Justice Thomas raised crucial question about legitimacy of special counsel's prosecution of Trump


Supreme Court Justice Clarence Thomas raised a question Thursday that goes to the heart of Special Counsel Jack Smith's charges against former President Donald Trump.

The high court was considering Trump's argument that he is immune from prosecution for actions he took while president, but another issue is whether Smith and the Office of Special Counsel have the authority to bring charges at all.

"Did you, in this litigation, challenge the appointment of special counsel?" Thomas asked Trump attorney John Sauer on Thursday during a nearly three-hour session at the Supreme Court.

Sauer replied that Trump's attorneys had not raised that concern "directly" in the current Supreme Court case — in which justices are considering Trump's arguments that presidential immunity precludes the prosecution of charges that the former president illegally sought to overturn the 2020 election.

Sauer told Thomas that, "we totally agree with the analysis provided by Attorney General Meese [III] and Attorney General Mukasey."

"It points to a very important issue here because one of [the special counsel's] arguments is, of course, that we should have this presumption of regularity. That runs into the reality that we have here an extraordinary prosecutorial power being exercised by someone who was never nominated by the president or confirmed by the Senate at any time. So we agree with that position. We hadn't raised it yet in this case when this case went up on appeal," Sauer said.

In a 42-page amicus brief presented to the high court in March, Meese and Mukasey questioned whether "Jack Smith has lawful authority to undertake the 'criminal prosecution'" of Trump. Mukasey and Meese — both former U. S. attorneys general — said Smith and the Office of Special Counsel itself have no authority to prosecute, in part because he was never confirmed by the Senate to any position.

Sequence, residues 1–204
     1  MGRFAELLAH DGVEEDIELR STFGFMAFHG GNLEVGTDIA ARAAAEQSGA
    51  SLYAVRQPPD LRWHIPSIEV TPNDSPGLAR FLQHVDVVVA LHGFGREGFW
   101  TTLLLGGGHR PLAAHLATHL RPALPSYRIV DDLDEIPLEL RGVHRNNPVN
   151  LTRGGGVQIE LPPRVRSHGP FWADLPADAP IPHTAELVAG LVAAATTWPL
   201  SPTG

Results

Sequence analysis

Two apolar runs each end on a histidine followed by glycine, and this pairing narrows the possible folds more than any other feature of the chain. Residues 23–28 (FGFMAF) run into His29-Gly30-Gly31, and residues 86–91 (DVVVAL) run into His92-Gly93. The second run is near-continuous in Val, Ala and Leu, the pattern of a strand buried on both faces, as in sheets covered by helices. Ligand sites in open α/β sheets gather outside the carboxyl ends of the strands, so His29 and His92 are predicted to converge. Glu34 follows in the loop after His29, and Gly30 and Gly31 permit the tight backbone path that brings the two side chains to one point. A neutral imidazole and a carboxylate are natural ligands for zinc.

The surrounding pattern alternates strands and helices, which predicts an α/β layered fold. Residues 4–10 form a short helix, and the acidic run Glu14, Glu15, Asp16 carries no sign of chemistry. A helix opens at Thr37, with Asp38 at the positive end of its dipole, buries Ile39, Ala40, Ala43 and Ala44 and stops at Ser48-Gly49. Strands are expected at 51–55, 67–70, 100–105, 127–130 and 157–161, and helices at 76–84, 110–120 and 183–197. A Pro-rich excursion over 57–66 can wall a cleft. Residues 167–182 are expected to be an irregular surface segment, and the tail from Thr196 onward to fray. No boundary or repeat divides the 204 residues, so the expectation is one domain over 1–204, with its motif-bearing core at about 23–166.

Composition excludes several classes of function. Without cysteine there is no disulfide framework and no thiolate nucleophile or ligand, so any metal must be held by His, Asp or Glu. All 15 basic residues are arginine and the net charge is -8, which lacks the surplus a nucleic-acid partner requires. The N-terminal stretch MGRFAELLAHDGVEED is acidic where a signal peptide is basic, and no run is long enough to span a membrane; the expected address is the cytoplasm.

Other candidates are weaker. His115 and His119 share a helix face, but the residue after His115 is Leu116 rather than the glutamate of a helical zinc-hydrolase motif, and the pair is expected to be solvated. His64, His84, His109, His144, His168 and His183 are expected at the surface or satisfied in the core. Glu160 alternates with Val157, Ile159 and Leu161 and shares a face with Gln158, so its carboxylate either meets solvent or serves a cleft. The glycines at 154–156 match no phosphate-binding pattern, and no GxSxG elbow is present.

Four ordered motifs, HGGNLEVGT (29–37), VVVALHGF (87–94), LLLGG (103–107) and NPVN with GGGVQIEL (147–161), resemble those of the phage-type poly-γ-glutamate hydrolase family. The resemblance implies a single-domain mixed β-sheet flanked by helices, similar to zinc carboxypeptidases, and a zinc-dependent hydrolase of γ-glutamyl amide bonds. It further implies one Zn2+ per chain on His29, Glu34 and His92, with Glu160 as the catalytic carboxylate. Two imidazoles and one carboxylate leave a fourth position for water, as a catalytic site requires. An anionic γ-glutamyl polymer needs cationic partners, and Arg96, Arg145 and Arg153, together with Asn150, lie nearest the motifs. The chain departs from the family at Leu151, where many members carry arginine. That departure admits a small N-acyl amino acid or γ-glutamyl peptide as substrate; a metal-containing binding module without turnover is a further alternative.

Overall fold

Federal prosecutions, "can be taken only by persons properly appointed as federal officers to properly created federal offices," Meese and Mukasey argued. "But neither Smith nor the position of special counsel under which he purportedly acts meets those criteria. He wields tremendous power, effectively answerable to no one, by design. And that is a serious problem for the rule of law — whatever one may think of former President Trump or the conduct on January 6, 2021, that Smith challenges in the underlying case."

The crux of the problem, according to Meese, is that Smith was never confirmed by the Senate as a U. S. attorney, and no other statute allows the U.S. attorney general to name merely anyone as special counsel. Smith was acting U.S. attorney for a federal district in Tennessee in 2017, but he was never nominated to the position. He resigned from the private sector after then-President Trump nominated a different prosecutor as U.S. attorney for the middle district of Tennessee.

Meese and Mukasey argued that because the special counsel exercises broad authority to convene grand juries and make prosecutorial decisions, independent of the White House or the attorney general, he is far more powerful than any government officer who has not been confirmed by the Senate.... (Read more)

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